Nick knows what he’s “allowed” to do and is his own person. The same is true for me. Now, don’t get me wrong I’m definately no saint: dishes pile up, laundry piles up and the house, although not a pig-sty can get untidy before I get around to it.

Its about the people in the relationship not the actual relationship. Me, I am a quiet rational guy and the house I grew up in was very quiet and rational. I rarely ever fought with my parents even, but sat and discussed things.

My fiancee on the other hand grew up in a very histrionic family. So she has a tendency to get loud.

Both of us work hard to understand the other but, there are times you can hear us if you are walking past! =) But we love each other more than anyone else we know!


I’m not a shrimp, I’m a King Prawn.
-Pepe the Prawn

Amazing what people will allow their partners to do to them. I can see asking in advance if children are involved (ie, the other spouse will have to work harder to take care of the critters while spouse #1 is out having a good time.)

I see this all the time in my current relationship. My SO’s ex was MUCH more controlling than I am, and he sometimes has a hard time shaking it. Case in point: Monday night, he wanted to watch the football game and smoke a cigar at my house. He asked me about ten times if it was OK to smoke a cigar in the house. Each time, I replied “Yes, I don’t care. Go ahead. I like the smell of cigars.” Finally, I started to get sick of him asking permission, and asked him what was up. Seems that he couldn’t quite believe that it was OK to smoke a cigar indoors, because his ex had been so adamently against it. Even when I told him, over and over, that it was OK, he was so set in his past behavior that it was a little like he kept expecting me to blow up at him.

I don’t mean to pick on my SO’s ex, or him - I’m sure I do stuff that my ex conditioned into me. But I sure as heck want to go forward with the idea that BOTH partners in the relationship are adults, and “asking permission” to do minor activities is NOT a part of my life.

It’s important to note, however, that there is a HUGE difference between “asking permission” and common courtesy. For example, if I am going out with my friends, I do not ask if I can go, but I do take the time to say where I’m going, and about when I’ll be back, so that he knows where to call if there is an emergency and when to start worrying about me. Furthermore, it allows him to better make plans around me. My man does the same for me. I have known people who see even this much structure in a relationship “too binding” which seems odd to me.

On fighting–I think the best thing parents can do for kids is to fight in front of them. Not physical fights, obviously, or screaming and ranting, but it is important to know that mommy and daddy can disagree and still love each other. I think a lot of people’s parents go overboard presenting a united front, and then the children learn that when you love someone, you never disagree. . .this can lead to problems later on.

Mr. Rilch and I are constantly squabbling, but we try to make it work for us. Both sets of parents had the pattern of walking away from an argument still holding resentment, and then nurturing that resentment, like a hen incubating an egg, until they couldn’t communicate, because all they could hear was what the other person had said, not what they were saying.

So when we argue, we try to focus on what we’re arguing about and how to resolve it, and we stay away from seriously hurtful remarks. Recently, I came up with a system. Bring in one of those three-minute sand timers. A turns it over and has three minutes to talk without interruption. Then B has three minutes, and so on, until we’ve reached an agreement.
We explained this to a friend who was having a lot of friction with his fiancee (now his wife), and he said, "If we did that, we’d end up fighting over who was going to vacuum up the sand from the broken timer.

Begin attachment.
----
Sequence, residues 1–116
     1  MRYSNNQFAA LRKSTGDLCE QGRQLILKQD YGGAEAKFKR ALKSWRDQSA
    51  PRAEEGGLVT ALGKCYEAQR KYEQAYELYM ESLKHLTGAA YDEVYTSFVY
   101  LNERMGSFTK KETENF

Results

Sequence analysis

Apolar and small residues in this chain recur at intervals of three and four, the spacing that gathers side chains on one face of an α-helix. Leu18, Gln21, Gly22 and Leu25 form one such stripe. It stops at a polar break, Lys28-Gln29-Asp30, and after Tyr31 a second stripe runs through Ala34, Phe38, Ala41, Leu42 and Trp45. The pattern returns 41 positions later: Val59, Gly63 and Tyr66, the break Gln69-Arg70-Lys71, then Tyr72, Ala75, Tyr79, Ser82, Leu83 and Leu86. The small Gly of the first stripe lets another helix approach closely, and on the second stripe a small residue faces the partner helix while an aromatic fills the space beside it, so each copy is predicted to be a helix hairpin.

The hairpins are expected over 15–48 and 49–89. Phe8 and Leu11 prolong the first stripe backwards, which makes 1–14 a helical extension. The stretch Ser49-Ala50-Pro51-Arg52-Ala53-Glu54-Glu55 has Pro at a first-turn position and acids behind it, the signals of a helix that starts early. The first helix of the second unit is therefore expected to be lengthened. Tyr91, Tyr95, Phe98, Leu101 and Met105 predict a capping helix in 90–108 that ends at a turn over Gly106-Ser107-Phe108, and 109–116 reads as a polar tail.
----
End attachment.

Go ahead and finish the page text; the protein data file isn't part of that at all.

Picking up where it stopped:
Remember, I’m pulling for you; we’re all in this together.
—Red Green

That John Gray guy drives me nuts. I can’t even tell if he is gay or straight or what.

Anyway, arguing takes depth. I’m into intense depth & I have a fine memory for what they said so I tend to argue quite a bit. Unless its my stubborn Aries nature.

We don’t argue. We’re both ALWAYS RIGHT, so we’ve managed to work out a method of rational discussion that takes attitude and stubbornness into account even when our “right” views are diametrically (sp?) opposed.

BUT — the annual test of our marriage is coming up this weekend: putting up the Christmas tree. It’s the getting it straight in the stand part that we can never get through without frayed tempers. Last year I convinced him to try a year without a Christmas tree, but this year grandkids will be here so a tree is a must. There are two possible outcomes: 1) we’ll again manage to survive the test; 2) one of us will be dead and the other in jail. If we can just get the tree standing straight, we’ll be good for another whole year!

My Reason for Living and I have known each other for 11.5 years, married for 6.5 and have never fought. No screaming matches, no throwing things. I think because his parents were of the old european way of doing thing (Father/Man is always right regardless) he knows there are two sides to every argument. I grew up primarily in a single parent unit and from my widowed mother I’ve learned that women are always right. (Well, we are :slight_smile: ) It’s a hell of a thing to change your mind from…really. It’s only been in the past few years that I’ve learned to bite my tongue and shut up.

I think some ( not all) couples, fight over the most ridiculous stuff ( squeezing the toothpaste, toilet seat debate…you know, stuff that really doesn’t matter in the grand scheme of life) and then ignore the stuff that is a huge issue, like how to spend the money, raise kids, household issues. We don’t fight over money because we know simply there will never be enough.

It is important to treat each other fairly and with respect. One of the best things I’ve ever heard about relationships came from a cousin of mine: Marriage is not always 50-50. sometimes it’s 60-40, 90-10, 30-70. Some days your slice of pie is big and sometimes it’s small. If it’s chronically on the larger work load end, then some discussions must be done.

Being married, also doesn’t mean you give up your right to think for yourself. I’ve witnessed many a marriage where the woman just parrots her husbands views, lifestyle and opinions totally and because a walking ad campaign for him. It’s really pathetic.

To end this, I think John Gray is a sap, catering to people who cannot think for themselves. He has a new book coming out called, " Men are from mars, women from venus and babies are from heaven." I read an excerpt of it and it looks like there is going to be a generation of kids running over their parents with his limp wristed parenting advice.

Oh guys, if you want the truth, get use to your wife being on top cause you’re always going to be fuckin’ up. :wink: